Confronted with a federal judge’s looming deadline, Gov. Rick Scott called an unusual emergency meeting of the Cabinet for late Wednesday, hours before the deadline in a court order to enact a new system for felons to regain the right to vote.
Called on 24 hours notice — the shortest time required by state law — the meeting is in response to an injunction issued by U.S. District Judge Mark Walker a month ago that the Republican governor calls “reckless.”
Walker ruled March 27 that Florida’s system of requiring felons to wait five years to petition Scott and three elected Cabinet members for the right to vote is “fatally flawed” because it is so arbitrary. He ordered a new system in place by April 26.
Despite the ruling, Scott and the three elected Cabinet members — Attorney General Pam Bondi, Commissioner of Agriculture Adam Putnam and Chief Financial Officer Jimmy Patronis — have not met since March 27.
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The four officials also make up a state clemency board that meets four times a year to consider requests by convicted felons to regain specific rights, including the right to vote.
Three months after taking office, in April 2011, Scott scrapped the previous system under which most felons were allowed to vote without formal hearings. In its place, the state requires every felon to wait at least five years before submitting a request for restoration of the right to vote, a process that often takes a decade or more.
Scott and Cabinet members, all represented by Bondi, filed a motion with the 11th Circuit Court of Appeals in Atlanta, asking that Walker’s order be put on hold or stayed, pending an appeal. The Atlanta court has not acted on the request.
In the absence of a decision by the court, legal experts say Scott and the Cabinet have limited legal options. They could impose temporary new clemency rules or seek emergency intervention by the U.S. Supreme Court.
Legal experts said it was highly unlikely that the state would risk a contempt of court finding for failing to heed Walker’s injunction, because the state argues regularly before the Atlanta court on a variety of issues.
“I would think not,” said Talbot (Sandy) D’Alemberte, a former dean of the Florida State University law school and former president of the American Bar Association.
D’Alemberte, a former Democratic state legislator from Miami, said Scott’s reaction to the order was “stupid” and added: “The judge’s order was devastating in my judgment.”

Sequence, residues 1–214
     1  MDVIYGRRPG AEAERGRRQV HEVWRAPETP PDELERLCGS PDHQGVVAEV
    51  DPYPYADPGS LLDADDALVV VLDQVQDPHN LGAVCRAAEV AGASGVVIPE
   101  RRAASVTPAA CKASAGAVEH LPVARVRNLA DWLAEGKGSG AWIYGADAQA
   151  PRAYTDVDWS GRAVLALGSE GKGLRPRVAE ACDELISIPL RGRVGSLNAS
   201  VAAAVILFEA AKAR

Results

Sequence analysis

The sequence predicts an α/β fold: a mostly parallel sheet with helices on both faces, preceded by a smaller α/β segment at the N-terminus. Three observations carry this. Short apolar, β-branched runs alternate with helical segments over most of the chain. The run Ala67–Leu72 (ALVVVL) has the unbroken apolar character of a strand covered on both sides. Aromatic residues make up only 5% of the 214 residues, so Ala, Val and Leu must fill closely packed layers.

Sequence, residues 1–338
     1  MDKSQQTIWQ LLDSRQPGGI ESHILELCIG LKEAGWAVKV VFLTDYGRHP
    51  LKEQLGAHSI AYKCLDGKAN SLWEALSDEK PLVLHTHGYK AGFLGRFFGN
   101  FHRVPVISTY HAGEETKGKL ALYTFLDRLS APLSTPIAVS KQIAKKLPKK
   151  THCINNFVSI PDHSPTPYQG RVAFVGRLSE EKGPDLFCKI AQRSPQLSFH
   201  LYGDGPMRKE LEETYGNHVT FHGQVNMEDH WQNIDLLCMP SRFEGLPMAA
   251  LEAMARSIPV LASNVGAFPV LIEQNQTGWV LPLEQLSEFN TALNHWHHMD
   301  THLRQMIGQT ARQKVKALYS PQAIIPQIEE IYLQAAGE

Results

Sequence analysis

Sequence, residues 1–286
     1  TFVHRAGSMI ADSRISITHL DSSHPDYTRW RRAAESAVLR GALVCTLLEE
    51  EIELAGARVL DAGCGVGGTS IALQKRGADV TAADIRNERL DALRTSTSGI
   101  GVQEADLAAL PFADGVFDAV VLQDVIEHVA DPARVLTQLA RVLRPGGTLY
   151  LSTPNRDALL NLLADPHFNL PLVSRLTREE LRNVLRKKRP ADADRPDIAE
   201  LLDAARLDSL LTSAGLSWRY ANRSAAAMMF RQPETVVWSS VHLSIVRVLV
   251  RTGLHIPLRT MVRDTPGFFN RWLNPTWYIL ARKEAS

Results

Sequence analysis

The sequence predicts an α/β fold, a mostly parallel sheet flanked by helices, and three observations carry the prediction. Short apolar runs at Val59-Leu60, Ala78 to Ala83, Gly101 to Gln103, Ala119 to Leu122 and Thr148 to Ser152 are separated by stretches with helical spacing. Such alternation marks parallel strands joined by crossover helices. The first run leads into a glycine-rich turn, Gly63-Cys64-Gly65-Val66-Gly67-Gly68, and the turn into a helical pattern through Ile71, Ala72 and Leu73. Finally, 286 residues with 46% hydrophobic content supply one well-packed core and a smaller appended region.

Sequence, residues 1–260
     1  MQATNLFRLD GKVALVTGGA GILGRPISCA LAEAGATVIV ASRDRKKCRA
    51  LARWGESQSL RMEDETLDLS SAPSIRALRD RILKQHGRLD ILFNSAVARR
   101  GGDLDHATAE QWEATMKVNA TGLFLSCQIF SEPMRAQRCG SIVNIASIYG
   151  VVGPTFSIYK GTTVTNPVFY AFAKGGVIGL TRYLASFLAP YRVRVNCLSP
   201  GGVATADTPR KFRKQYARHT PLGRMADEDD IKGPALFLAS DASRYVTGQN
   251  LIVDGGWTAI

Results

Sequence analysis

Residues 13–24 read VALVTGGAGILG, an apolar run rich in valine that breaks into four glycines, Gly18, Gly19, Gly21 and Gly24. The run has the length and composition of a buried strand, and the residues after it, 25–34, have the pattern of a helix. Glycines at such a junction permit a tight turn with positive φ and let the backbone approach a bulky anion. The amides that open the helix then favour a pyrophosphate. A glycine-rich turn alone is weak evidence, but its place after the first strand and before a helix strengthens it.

Scott called Walker’s decision “unprecedented” and “reckless” because it ordered the state to change current practices in a matter of weeks.
Putnam, who is running to replace Scott as governor, did not respond to a request for comment.
At a campaign appearance two weeks ago, Putnam expressed support for relaxing clemency rules, according to the Sarasota Herald-Tribune.
“There ought to be a faster, easier way for nonviolent felons to get their rights restored,” Putnam said. “As we look at moving forward with complying with the judge’s order ... that’s the kind of structure that I would support.”
Florida voters will decide in November whether to amend the state Constitution to allow most felons to automatically regain their voting rights.
A February poll by Quinnipiac University showed 67 percent of voters supported the proposal and 27 percent opposed it.
The emergency meeting will be at 9:30 p.m., and will be live streamed on the Florida Channel.
A one-sentence agenda said: “Consideration of federal court’s decision in clemency case.”
Neither Scott nor any of the three Cabinet members will be physically present at the state Capitol. All will take part by phone, officials said.
Jon Sherman, a Washington, D.C., attorney for the Fair Elections Legal Network, which successfully challenged the 150-year-old clemency system, declined to comment on what might happen.
“We’re sort of in a holding pattern,” Sherman said.
Contact Steve Bousquet at firstname.lastname@example.org and follow @stevebousquet